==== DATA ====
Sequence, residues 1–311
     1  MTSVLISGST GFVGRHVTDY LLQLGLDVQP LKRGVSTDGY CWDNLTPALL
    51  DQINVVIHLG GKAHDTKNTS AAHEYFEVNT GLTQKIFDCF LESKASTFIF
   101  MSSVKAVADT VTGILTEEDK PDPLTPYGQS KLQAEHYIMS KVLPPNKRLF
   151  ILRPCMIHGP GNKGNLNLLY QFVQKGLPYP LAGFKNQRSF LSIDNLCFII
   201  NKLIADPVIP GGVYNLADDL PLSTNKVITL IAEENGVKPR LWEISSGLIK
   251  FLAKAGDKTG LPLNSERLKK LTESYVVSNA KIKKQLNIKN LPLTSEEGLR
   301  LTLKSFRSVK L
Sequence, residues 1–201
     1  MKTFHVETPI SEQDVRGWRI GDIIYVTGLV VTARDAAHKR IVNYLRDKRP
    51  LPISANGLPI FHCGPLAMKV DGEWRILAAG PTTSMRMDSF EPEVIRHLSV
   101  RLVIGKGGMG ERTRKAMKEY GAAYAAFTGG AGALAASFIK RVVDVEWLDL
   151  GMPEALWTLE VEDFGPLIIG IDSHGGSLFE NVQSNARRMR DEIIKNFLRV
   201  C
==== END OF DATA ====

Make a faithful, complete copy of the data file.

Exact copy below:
Sequence, residues 1–311
     1  MTSVLISGST GFVGRHVTDY LLQLGLDVQP LKRGVSTDGY CWDNLTPALL
    51  DQINVVIHLG GKAHDTKNTS AAHEYFEVNT GLTQKIFDCF LESKASTFIF
   101  MSSVKAVADT VTGILTEEDK PDPLTPYGQS KLQAEHYIMS KVLPPNKRLF
   151  ILRPCMIHGP GNKGNLNLLY QFVQKGLPYP LAGFKNQRSF LSIDNLCFII
   201  NKLIADPVIP GGVYNLADDL PLSTNKVITL IAEENGVKPR LWEISSGLIK
   251  FLAKAGDKTG LPLNSERLKK LTESYVVSNA KIKKQLNIKN LPLTSEEGLR
   301  LTLKSFRSVK L
Sequence, residues 1–201
     1  MKTFHVETPI SEQDVRGWRI GDIIYVTGLV VTARDAAHKR IVNYLRDKRP
    51  LPISANGLPI FHCGPLAMKV DGEWRILAAG PTTSMRMDSF EPEVIRHLSV
   101  RLVIGKGGMG ERTRKAMKEY GAAYAAFTGG AGALAASFIK RVVDVEWLDL
   151  GMPEALWTLE VEDFGPLIIG IDSHGGSLFE NVQSNARRMR DEIIKNFLRV
   201  C